This page contains a Flash digital edition of a book.
VIEWPOINT Is There Really a New Retail Paradigm?

Lessons Learned From History MICHAEL P. NIEMIRA*

Call it a “new reality,” the “great convergence” as the

National Retail Federation dubbed one of its sessions at its 2013 annual meeting or describe it as the “new borderless marketplace” as a recent ICSC and NAIOP paper1 did, it is all about how new technologies are changing the retail landscape from the front of the store to the back operations. However, this new reality is not really new, but an evolution. The foundations of this evolution have been around for

quite a while. It is important not to lose sight of the fact that the first “non-store impact” on retail was from mail order. Even before the heyday of the Sears’ and Montgomery Wards’ catalogs, witness an 1887 department store advertisement (see Figure 10-1) by Bloomingdale Brothers that contained many “modern day” retail elements. Bloomingdale Brothers promoted and offered its customers free shipping on mail orders of $5.00 or over. That enticement sounds very modern—or today’s free shipping by online retailers is a very old element of the retail landscape. It is important also not to lose sight that Sears’ catalog

sales, for example, accounted for 9.1% of its 1977 sales and 11.4% of that same year’s sales, if catalog-generated in-store sales were added. Mail-order—even in the late 1970s—was what online commerce represents to many retailers today. Witness the fact that today many stores, on average, generate around 10% of their total sales from e-Commerce. Retailers have been down this non-store path before. The initial wave of the business-to-consumer Internet-

based retail-sales explosion was largely a substitution from mail-order business. Is it any wonder that the U.S. Commerce Department does not separate mail-order and Internet-generated sales in its monthly retail sales statistics? Not really, since conceptually the sale is the same—it is a “non-store purchase.” The second wave of this evolution is the substitution of the retailer’s physical- store sales for its virtual-store sales, which is still ongoing. The third wave—which is in its nascent stage—is likely to be international retailer competition—not physical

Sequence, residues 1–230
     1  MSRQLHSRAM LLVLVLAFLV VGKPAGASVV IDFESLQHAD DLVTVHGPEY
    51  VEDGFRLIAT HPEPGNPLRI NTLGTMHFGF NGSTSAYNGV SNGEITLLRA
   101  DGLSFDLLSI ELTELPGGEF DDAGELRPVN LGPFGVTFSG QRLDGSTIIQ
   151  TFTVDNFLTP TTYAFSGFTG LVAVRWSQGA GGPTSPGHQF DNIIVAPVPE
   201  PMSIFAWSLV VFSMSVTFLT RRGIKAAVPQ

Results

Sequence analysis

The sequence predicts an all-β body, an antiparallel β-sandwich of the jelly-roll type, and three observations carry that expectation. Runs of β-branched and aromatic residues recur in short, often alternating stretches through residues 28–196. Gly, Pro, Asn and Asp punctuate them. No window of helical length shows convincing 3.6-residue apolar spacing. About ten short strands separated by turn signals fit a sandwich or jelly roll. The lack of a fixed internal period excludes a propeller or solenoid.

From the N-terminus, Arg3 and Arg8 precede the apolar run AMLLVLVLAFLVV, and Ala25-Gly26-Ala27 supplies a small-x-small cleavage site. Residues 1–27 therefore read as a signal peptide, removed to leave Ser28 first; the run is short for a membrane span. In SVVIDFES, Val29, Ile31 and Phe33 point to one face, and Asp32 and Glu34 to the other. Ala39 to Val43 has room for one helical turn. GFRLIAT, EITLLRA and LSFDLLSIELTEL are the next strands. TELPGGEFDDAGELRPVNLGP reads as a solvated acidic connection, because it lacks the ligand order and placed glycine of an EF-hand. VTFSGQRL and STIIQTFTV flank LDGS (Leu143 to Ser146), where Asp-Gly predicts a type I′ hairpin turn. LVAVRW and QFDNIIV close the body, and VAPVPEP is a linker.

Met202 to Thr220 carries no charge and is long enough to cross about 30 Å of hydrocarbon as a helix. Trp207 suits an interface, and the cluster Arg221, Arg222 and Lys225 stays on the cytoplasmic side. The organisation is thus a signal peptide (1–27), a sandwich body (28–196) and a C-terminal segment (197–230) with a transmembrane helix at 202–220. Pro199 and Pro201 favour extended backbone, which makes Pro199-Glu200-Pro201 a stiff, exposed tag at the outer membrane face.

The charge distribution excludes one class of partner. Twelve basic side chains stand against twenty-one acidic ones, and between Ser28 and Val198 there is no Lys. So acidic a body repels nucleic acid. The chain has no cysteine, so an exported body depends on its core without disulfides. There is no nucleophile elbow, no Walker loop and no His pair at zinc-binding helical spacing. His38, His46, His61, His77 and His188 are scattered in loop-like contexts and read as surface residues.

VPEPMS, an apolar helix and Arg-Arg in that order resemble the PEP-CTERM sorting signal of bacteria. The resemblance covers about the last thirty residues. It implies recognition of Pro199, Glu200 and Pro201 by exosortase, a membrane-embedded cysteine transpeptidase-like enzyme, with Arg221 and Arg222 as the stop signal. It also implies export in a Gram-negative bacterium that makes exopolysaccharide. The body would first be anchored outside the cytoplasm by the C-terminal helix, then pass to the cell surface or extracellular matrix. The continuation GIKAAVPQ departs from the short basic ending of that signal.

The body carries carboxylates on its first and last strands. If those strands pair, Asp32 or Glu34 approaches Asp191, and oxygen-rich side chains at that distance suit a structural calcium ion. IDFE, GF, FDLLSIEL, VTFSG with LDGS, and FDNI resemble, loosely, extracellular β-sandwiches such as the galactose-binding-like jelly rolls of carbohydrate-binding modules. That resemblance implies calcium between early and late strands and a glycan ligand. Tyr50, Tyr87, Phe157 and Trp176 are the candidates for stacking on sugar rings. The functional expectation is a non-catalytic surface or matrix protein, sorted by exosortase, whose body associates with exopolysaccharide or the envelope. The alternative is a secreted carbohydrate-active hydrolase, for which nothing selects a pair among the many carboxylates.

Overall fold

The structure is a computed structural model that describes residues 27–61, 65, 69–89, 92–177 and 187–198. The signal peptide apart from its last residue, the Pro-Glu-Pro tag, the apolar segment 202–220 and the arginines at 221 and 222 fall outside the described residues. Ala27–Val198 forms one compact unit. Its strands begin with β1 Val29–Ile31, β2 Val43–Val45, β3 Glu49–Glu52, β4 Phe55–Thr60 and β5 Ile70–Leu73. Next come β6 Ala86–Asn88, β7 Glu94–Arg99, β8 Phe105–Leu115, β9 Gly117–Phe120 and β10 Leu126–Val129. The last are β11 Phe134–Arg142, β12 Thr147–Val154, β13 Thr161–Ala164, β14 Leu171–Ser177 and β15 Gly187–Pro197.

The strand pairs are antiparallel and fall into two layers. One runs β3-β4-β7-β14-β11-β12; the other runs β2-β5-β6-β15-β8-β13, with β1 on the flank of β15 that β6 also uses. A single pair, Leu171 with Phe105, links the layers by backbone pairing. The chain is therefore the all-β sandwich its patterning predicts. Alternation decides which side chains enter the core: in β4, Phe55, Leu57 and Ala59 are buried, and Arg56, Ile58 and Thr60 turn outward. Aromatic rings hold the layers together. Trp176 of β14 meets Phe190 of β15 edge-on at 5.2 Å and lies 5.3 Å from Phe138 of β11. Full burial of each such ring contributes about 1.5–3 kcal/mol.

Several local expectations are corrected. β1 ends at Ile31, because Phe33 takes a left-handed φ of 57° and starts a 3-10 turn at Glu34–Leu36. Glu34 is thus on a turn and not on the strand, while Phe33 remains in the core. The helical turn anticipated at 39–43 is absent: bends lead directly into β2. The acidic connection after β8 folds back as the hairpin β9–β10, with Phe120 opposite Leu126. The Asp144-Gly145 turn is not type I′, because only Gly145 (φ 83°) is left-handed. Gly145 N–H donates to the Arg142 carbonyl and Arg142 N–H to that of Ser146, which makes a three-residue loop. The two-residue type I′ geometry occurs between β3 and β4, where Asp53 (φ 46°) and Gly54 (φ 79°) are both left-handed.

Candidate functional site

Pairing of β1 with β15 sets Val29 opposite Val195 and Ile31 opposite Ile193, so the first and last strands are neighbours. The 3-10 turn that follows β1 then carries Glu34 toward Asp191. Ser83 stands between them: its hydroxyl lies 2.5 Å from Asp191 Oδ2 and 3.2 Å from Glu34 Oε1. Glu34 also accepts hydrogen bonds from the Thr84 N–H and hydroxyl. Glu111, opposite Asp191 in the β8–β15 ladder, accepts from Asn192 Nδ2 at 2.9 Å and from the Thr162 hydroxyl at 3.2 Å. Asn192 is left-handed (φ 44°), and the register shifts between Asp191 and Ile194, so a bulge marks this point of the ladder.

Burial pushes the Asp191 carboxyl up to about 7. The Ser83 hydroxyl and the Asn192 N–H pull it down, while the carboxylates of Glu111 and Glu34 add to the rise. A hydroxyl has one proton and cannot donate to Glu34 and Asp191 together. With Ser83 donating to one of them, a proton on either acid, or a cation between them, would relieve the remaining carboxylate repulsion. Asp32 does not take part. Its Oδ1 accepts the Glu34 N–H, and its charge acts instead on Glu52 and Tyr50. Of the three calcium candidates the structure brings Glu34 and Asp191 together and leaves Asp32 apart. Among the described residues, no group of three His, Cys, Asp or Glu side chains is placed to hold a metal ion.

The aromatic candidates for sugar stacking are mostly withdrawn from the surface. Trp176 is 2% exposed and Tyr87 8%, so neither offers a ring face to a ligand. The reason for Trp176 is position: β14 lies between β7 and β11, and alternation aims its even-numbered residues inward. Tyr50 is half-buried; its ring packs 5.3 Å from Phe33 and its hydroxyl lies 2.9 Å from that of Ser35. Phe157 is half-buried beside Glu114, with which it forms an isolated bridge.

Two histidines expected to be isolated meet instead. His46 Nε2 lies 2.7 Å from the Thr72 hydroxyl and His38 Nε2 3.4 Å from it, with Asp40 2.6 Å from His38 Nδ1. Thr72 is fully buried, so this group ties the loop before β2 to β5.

* Staff Vice President, Chief Economist, Director of Research, ICSC

1 Curtis D. Spencer and Steve Schellenberg, The New Borderless Marketplace: Repositioning Retail and Warehouse Properties for Tomorrow, NAIOP Research Foundation and ICSC, April 2012.


cross-border, but virtual cross-border competition. But that third wave may take 20 years to be in its prime. The current strong online spending trends may not be

surprising any longer, but it is important to understand the context of why this is happening, which often goes missing in discussions. One of the more interesting contemporary perspectives on this issue was from Professors Larry Rosenberg and Elizabeth Hirschman, who

Figure 10-1 Bloomingdale Brothers Ad

Page 1  |  Page 2  |  Page 3  |  Page 4  |  Page 5  |  Page 6  |  Page 7  |  Page 8  |  Page 9  |  Page 10  |  Page 11  |  Page 12  |  Page 13  |  Page 14  |  Page 15  |  Page 16  |  Page 17  |  Page 18  |  Page 19  |  Page 20  |  Page 21  |  Page 22  |  Page 23  |  Page 24  |  Page 25  |  Page 26  |  Page 27  |  Page 28  |  Page 29  |  Page 30  |  Page 31  |  Page 32  |  Page 33  |  Page 34  |  Page 35  |  Page 36  |  Page 37  |  Page 38  |  Page 39  |  Page 40  |  Page 41  |  Page 42  |  Page 43  |  Page 44  |  Page 45  |  Page 46  |  Page 47  |  Page 48  |  Page 49  |  Page 50  |  Page 51  |  Page 52  |  Page 53  |  Page 54